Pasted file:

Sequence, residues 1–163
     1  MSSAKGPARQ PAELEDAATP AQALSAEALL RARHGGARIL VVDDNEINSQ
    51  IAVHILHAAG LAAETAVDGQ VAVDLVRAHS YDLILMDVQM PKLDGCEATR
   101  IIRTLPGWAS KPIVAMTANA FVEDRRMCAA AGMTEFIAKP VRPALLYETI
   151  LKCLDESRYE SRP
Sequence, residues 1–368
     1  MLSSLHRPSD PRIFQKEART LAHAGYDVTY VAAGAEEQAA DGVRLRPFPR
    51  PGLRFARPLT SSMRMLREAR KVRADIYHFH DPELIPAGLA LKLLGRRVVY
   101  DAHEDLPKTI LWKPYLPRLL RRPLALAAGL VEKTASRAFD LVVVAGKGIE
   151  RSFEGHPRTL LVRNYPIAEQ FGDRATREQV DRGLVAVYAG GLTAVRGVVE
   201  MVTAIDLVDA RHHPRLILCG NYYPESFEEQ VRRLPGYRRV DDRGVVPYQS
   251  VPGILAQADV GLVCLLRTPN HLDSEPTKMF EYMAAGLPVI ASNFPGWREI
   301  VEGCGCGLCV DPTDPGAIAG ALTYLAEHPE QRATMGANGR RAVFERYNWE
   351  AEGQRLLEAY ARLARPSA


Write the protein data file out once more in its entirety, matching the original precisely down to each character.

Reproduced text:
Sequence, residues 1–163
     1  MSSAKGPARQ PAELEDAATP AQALSAEALL RARHGGARIL VVDDNEINSQ
    51  IAVHILHAAG LAAETAVDGQ VAVDLVRAHS YDLILMDVQM PKLDGCEATR
   101  IIRTLPGWAS KPIVAMTANA FVEDRRMCAA AGMTEFIAKP VRPALLYETI
   151  LKCLDESRYE SRP
Sequence, residues 1–368
     1  MLSSLHRPSD PRIFQKEART LAHAGYDVTY VAAGAEEQAA DGVRLRPFPR
    51  PGLRFARPLT SSMRMLREAR KVRADIYHFH DPELIPAGLA LKLLGRRVVY
   101  DAHEDLPKTI LWKPYLPRLL RRPLALAAGL VEKTASRAFD LVVVAGKGIE
   151  RSFEGHPRTL LVRNYPIAEQ FGDRATREQV DRGLVAVYAG GLTAVRGVVE
   201  MVTAIDLVDA RHHPRLILCG NYYPESFEEQ VRRLPGYRRV DDRGVVPYQS
   251  VPGILAQADV GLVCLLRTPN HLDSEPTKMF EYMAAGLPVI ASNFPGWREI
   301  VEGCGCGLCV DPTDPGAIAG ALTYLAEHPE QRATMGANGR RAVFERYNWE
   351  AEGQRLLEAY ARLARPSA